Law360 (February 9, 2021, 8:31 PM EST) -- A former HSBC foreign currency executive can't skip his two-year prison sentence for defrauding a bank client in a $3.5 billion currency deal, but he can put off reporting to prison until he's vaccinated against COVID-19, a Brooklyn federal judge ruled Tuesday.
Mark Johnson's heart conditions and extensive community service in his home in the United Kingdom are not "extraordinary and compelling" enough circumstances to warrant shortening his time behind bars, U.S. District Judge Nicholas G. Garaufis said.
But forcing Johnson to surrender to Bureau of Prisons custody before being vaccinated would "subject him to severe and unjustifiable health risks," Judge Garaufis found, pushing Johnson's surrender date from March 23 to either Aug. 1 or three weeks after his final vaccine dose, whichever comes earlier.
In making his decision, the judge noted that both the government and Johnson could find "at least plausible support" for their arguments in district court rulings on whether a sentence reduction under the First Step Act should also apply to defendants who are not yet incarcerated, but that the Second Circuit has not spoken on the issue.
Judge Garaufis also held that Johnson "may" have exhausted all administrative remedies by receiving a refusal from the Bureau of Prisons to apply for home confinement or a sentence reduction — one of the requirements for seeking sentencing relief through the court.
But Johnson's lack of extenuating circumstances meant it was unnecessary to determine his eligibility for relief at the moment, and ultimately the court's obligation to honor the jury's guilty verdict and deter other would-be fraudsters outweighs Johnson's argument for a shorter sentence, the judge said.
Johnson, a British national and former global head of forex spot trading for HSBC, was convicted in 2017 of wire fraud and conspiracy and later sentenced to two years in prison. Johnson was incarcerated for about two months, before the Second Circuit granted him bail pending appeal. He has been residing in the U.K. during the appellate process.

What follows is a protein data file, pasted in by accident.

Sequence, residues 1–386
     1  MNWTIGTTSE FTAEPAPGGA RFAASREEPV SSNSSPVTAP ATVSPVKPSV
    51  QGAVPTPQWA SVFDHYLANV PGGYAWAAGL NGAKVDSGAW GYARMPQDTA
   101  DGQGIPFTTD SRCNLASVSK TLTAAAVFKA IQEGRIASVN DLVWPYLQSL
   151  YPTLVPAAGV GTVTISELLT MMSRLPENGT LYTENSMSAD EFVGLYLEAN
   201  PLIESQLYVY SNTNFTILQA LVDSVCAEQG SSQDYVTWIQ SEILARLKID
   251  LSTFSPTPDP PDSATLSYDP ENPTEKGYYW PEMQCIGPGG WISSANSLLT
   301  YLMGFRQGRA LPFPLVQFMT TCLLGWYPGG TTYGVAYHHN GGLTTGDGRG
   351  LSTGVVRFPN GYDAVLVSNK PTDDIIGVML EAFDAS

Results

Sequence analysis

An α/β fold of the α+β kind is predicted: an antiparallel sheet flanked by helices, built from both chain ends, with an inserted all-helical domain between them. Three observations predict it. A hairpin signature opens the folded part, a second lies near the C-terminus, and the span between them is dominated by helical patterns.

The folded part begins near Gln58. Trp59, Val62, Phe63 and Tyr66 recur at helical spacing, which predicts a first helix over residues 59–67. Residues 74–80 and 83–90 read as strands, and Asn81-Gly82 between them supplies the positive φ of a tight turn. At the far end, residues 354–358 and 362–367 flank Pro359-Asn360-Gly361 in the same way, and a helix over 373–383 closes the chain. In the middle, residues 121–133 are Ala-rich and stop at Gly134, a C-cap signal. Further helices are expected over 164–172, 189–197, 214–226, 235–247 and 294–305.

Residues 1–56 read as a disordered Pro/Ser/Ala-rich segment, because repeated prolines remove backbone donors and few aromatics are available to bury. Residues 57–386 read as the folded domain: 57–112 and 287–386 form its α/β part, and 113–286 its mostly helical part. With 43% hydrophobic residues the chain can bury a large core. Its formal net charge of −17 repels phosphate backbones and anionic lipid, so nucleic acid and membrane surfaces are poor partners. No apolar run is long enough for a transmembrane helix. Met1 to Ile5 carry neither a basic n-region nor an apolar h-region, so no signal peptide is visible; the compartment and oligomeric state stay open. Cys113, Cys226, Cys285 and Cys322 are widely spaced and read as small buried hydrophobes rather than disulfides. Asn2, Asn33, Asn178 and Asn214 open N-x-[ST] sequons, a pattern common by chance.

The case stems from a deal Cairn Energy PLC made with HSBC to exchange $3.5 billion in proceeds from the sale of an Indian subsidiary from U.S. dollars to pounds sterling, in order for the London Stock Exchange-traded Cairn to make a distribution to investors.
Prosecutors say Johnson and others at HSBC engaged in front-running and other trading around the dollars-for-sterling deal that caused the price of sterling to spike, netting the bank millions of dollars in profits at the expense of its client, Cairn.
A spokesman for the U.S. attorney's office declined to comment Tuesday.
Counsel for Johnson did not immediately respond to requests for comment.
The government is represented by Lauren Elbert of the U.S. Attorney's Office for the Eastern District of New York.
Johnson is represented by Frank Wohl, Ramya Kasturi and Jeannie Rose Rubin of Lankler Siffert & Wohl LLP.
The case is U.S. v. Johnson et al., case number 1:16-cr-00457, in the U.S. District Court for the Eastern District of New York.
--Additional reporting by Stewart Bishop. Editing by Daniel King.
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